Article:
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Frankston South painter, Sarah Migliaccio, didn’t ask for toys or lollies on a trip to the shops when she was a little girl. She wanted pens and paper. In primary school, kids used to ask her to draw for them. “Being an artist was my identity,” she says. This has never changed.

Sarah has always been a keen observer. She spent most of her 20s and 30s travelling to over 50 countries in Asia, North, Central and South America, Europe, Africa as well as within Australia, looking at people, places and nature. She was hard pressed to choose a favourite, but an 11,500 kilometre overland journey down the East Coast of Africa from Nairobi to Cape Town seeing herds of elephants cross the Serengeti at sunrise and hippos soaking in water holes made a deep impression. 

On the home front, Sarah loves drawing the intricacies of Australian flora and fauna. The fractals in feathers, the architecture of plants and flowers and the extraordinary variety of Australian birds fascinate her. It helped that her mother was a keen amateur ornithologist, always pointing out birds to Sarah. There was bird art and decorative objects in the family home and they had a snappy budgie as a pet.

Sarah didn’t have art lessons as a child; she just drew and drew. Her grandfather was a hobby artist. This piqued her interest in painting. She was intrigued by his tubes of paint and the tools he used to create his paintings.

Drawing was such an obsession in high school, Sarah got in trouble with teachers who felt she wasn’t paying attention because she was always drawing in class. Her art teacher thought she should branch out. She actually taped all of Sarah’s pencils together to force her to try other mediums. So, Sarah gave painting a go.

After high school, she went to Frankston Chisolm to take a two-year illustration course and loved it. When she went to Monash University to study Education and Fine Arts, she was frustrated with the focus on art theory over practical methods. She stuck with it and was awarded a Bachelor of Arts in Education (Primary) and Fine Arts, majoring in painting.

As with many artists, Sarah began her career in another field – teaching. She still teaches primary school art and enjoys working with young artists, inspiring the next generation. But that fulfils their dreams. She wants to feed her own. “My dream was to be a fully self-sustaining artist,” she says. Sarah became a full-time artist three years ago and now teaches part-time.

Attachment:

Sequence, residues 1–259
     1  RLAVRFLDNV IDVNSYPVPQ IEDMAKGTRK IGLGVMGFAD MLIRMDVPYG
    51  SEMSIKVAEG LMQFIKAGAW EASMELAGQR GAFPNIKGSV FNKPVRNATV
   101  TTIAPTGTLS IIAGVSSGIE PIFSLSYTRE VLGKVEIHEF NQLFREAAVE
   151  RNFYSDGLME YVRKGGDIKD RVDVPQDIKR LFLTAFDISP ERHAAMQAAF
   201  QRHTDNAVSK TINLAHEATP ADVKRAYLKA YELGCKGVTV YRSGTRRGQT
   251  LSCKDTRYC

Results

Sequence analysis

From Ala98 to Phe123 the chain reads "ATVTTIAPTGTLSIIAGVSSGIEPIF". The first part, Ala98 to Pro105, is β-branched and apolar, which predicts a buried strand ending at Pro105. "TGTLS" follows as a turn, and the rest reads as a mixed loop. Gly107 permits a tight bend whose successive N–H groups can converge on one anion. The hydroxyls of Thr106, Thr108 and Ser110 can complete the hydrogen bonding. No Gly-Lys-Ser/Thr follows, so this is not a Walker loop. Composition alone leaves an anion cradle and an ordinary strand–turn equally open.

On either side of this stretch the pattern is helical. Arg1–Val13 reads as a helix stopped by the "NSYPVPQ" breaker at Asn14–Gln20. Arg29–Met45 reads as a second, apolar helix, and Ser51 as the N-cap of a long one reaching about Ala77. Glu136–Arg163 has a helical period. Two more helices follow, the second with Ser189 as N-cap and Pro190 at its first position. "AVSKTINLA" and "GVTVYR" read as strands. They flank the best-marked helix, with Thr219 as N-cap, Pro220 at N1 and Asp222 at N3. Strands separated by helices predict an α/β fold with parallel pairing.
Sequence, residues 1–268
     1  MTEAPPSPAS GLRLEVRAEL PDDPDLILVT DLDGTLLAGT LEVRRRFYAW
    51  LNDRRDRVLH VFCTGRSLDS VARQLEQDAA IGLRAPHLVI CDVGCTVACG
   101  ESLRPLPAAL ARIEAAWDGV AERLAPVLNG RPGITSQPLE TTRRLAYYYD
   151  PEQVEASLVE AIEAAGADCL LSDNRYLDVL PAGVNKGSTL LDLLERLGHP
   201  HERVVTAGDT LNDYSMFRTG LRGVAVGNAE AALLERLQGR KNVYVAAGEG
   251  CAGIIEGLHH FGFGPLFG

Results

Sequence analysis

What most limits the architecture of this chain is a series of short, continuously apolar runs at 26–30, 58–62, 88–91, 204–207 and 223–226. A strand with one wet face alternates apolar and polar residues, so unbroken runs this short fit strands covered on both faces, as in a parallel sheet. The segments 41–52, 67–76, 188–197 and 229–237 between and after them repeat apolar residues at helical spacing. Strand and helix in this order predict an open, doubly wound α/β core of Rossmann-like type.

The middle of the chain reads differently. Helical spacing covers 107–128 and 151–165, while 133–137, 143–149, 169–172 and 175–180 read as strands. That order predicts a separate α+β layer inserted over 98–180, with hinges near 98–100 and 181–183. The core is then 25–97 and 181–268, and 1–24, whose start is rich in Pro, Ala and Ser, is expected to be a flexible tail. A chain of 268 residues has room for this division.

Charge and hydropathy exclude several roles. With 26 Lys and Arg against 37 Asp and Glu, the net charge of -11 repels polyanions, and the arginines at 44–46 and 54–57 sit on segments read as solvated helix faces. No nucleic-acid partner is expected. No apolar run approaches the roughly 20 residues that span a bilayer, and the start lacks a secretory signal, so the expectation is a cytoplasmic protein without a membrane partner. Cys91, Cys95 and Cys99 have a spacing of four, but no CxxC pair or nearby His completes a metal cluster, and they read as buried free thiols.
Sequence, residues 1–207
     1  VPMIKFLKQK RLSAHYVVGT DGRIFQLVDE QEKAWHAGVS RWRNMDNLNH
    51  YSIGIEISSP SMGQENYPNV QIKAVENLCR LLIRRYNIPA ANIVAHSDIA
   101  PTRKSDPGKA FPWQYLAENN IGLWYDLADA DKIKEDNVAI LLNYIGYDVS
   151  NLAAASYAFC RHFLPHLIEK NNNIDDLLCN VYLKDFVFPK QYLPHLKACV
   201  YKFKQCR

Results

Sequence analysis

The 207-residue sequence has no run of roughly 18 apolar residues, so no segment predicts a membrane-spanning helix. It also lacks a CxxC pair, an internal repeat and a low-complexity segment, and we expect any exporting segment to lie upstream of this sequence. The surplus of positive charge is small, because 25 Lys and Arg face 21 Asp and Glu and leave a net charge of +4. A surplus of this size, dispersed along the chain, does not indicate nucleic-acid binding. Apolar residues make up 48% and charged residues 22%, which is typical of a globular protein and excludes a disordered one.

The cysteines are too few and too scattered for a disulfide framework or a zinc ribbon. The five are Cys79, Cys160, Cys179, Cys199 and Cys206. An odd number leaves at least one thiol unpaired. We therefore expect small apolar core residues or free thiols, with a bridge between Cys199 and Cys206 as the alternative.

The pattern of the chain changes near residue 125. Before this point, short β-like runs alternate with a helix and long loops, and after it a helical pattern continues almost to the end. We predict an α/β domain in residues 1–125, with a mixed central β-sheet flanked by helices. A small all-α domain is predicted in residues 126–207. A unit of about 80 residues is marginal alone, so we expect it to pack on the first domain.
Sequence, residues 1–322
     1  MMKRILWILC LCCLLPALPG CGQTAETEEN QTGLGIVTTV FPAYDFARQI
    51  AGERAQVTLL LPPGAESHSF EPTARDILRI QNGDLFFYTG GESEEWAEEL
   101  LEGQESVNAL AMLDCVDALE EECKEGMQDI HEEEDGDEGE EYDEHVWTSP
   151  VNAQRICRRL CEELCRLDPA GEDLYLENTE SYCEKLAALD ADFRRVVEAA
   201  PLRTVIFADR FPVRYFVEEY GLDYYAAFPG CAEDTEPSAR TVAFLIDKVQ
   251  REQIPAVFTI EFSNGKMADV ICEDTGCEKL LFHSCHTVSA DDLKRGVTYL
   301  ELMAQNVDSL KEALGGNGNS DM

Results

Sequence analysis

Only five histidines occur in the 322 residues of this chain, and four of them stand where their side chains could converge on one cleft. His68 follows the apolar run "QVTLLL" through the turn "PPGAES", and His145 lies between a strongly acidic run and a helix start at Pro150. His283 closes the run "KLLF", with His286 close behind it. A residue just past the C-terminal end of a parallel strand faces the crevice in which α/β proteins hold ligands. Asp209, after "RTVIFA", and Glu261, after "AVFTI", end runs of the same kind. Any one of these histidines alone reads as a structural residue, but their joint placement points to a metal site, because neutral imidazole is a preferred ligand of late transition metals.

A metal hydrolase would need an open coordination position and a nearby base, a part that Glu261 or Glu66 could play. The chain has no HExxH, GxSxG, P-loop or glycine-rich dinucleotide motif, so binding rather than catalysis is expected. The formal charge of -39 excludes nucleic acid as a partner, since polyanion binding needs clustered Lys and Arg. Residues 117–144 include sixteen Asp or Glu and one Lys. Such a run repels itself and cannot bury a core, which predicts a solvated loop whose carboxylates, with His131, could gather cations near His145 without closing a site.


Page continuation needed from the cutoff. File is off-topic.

Living on the Mornington Peninsula provides constant inspiration. “It’s a geographically amazing place. It feels like ‘the wild’,” she says. Even when walking in her neighbourhood, Sarah is constantly photographing trees, plants and birds. As she did in childhood, she fills her pockets with the ephemera of nature. Her studio is populated with dried flowers, gum nuts, feathers and other natural treasures.

“The architecture of nature and the structures of wildflowers are so unique. I love the colours and repeated patterns,” she says. The Silver Princess eucalyptus with its explosive pink flowers is her favourite.

At local craft markets, her eye-catching, bold, bright paintings attract customers like bees to honey. Since moving to the Peninsula, she has found like-minded people who love nature and relate to what she paints.

“Colour is my calling card. This is where my imagination kicks in. My colours are not always realistic. Sometimes I manipulate them to create a fanciful exaggerated version of life,” she says.

Sarah likes working with acrylics to achieve her vibrant colours. “Acrylics allow me to take risks because I can paint over them.

I can colour mix easily and layer the paint as it dries quickly. It’s the first thing I reach for,” she says.

“Watercolour is like an old friend I come back to. I love the respect it commands. It forces me to go with the artwork. I love the challenge and versatility of it and the fine detail I can achieve. I work wet in wet and then use dry brushwork to achieve that intricate detail, as in bird feathers,” she says.

Sarah’s love of nature bursts from her canvases. It clearly stimulates all of her senses. She finds painting a calm space. “I’m a better person when I’m doing art,” she says. Her patrons feel better for having it.


By Andrea Louise Thomas Photos Yanni

Peninsula Essence – September 2023